Just last week we were surmising that maybe the huge project of remaking an entire Hawaiian island in his own image was a precipitating factor in Larry Ellison's decision to step down from the CEO role at Oracle. Now the New York Times has come out with a lengthy investigative piece about just what the hell Ellison and his shadowy team have been up to on the small but tight-knit island of Lanai, where the billionaire now owns all but a few acres and almost every resident is either paying rent to him, or is now somehow employed by him.

Ellison bought 97 percent of Lanai, as many will remember, for approximately $300 million in 2012 from fellow billionaire David Murdock, who bought the Dole pineapple company in the 80's and with it all of these 87,000 acres. As the Times notes, Ellison's been quoted as saying that the overall project of Lanai is going to be a full-scale, "really cool 21st-century engineering project" to build "the first economically viable, 100 percent green community." But what he starts with is an economically precarious place that's home to two Four Seasons resorts and 3,200 residents, many of them from families of mixed heritages who are mostly descended from immigrant pineapple-farm workers who moved to the island after Dole purchased it in 1922.

It was that other billionaire, Murdock, who built the two resorts and who ended up with a bit of a money pit on his hands as the majority landowner of Lanai. Many residents, having felt slighted by Murdock in the last decade as Murdock began to invest less of his money there, were grateful to hear about Ellison's plans. But the last two years of unfolding efforts have not been without pitfalls and red flags, leaving a lot of people to wonder what's going to happen if Ellison gives up on this project like his predecessor did, or if he just happens to die one of these days and his people no longer see this as a good investment. He has become, uncomfortably, ersatz ruler of a small island nation whose entire tourist economy now depends on his stewardship.

Nothing too sinister has happened so far, but there was a dust-up withe the local government recently, which spurred, just two weeks ago, the stoppage of construction on a planned desalination plant by Ellison's holding company Pulama, which is a key to the future water needs of Lanai. The local planning commission, it seems, has grown tired of being told what to do.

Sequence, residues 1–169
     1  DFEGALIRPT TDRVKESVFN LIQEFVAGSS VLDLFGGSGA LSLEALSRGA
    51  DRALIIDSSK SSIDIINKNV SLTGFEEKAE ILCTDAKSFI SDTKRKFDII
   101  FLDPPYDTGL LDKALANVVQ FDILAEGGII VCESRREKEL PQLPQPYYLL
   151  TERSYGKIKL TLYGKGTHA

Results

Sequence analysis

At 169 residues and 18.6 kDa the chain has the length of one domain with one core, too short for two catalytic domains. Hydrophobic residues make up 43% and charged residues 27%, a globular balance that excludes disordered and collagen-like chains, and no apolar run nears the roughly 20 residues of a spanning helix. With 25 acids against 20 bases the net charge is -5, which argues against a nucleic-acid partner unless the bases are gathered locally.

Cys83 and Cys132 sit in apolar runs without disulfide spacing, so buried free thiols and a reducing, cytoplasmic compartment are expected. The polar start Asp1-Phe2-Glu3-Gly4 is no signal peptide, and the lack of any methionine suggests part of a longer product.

The planned desalination plant, already in its first phase of construction near the Four Seasons at Manele Bay, was a linchpin in Ellison’s vision; by converting up to 10 million gallons of salinated groundwater into fresh water a day, it would make more development and population growth possible. Earlier this year, the company went to the Lanai Planning Commission for a 30-year special-use permit to operate the plant. (The commission, made up of nine residents, is the one body of truly local government on Lanai...) But after months of hearings, the Planning Commission rejected Pulama request and decided to issue a permit for 15 years instead. The move may sound insignificant, but as Robin Kaye, a longtime resident ... pointed out, “This is the first time in two years, in a formal way, that any part of the community has said no to something Pulama has asked.” ... [As another local put it,] “The local people want a say. And this was their chance. It was a display of power. Psychologically, it makes all kinds of sense to me.”

The insistence on the 15-year agreement caused Pulama, it seems, to suddenly stop construction on the plant on September 12 — the second time in recent months that a project had been mysteriously, quietly abandoned, after reconstruction of a golf course suddenly halted this summer, and its designer sent home to the mainland until "2015 or 2016." What's been left is an unusable, overgrown course that smells "like a sewer" for all who live near it, because of fish ponds that were left to die and rot.

Ellison himself, and all of his close staff, refused to cooperate with the article or give any direct quotes. But, regardless, it's a fascinating read about a little-known corner of the world that now has another billionaire and his whims to cope with. And maybe one day soon Ellison will actually come forward and talk to these people himself (he's made no public appearances on Lanai, which is just weird) and tell them when his "really cool 21st-century engineering project" might be finished, or what it will even entail.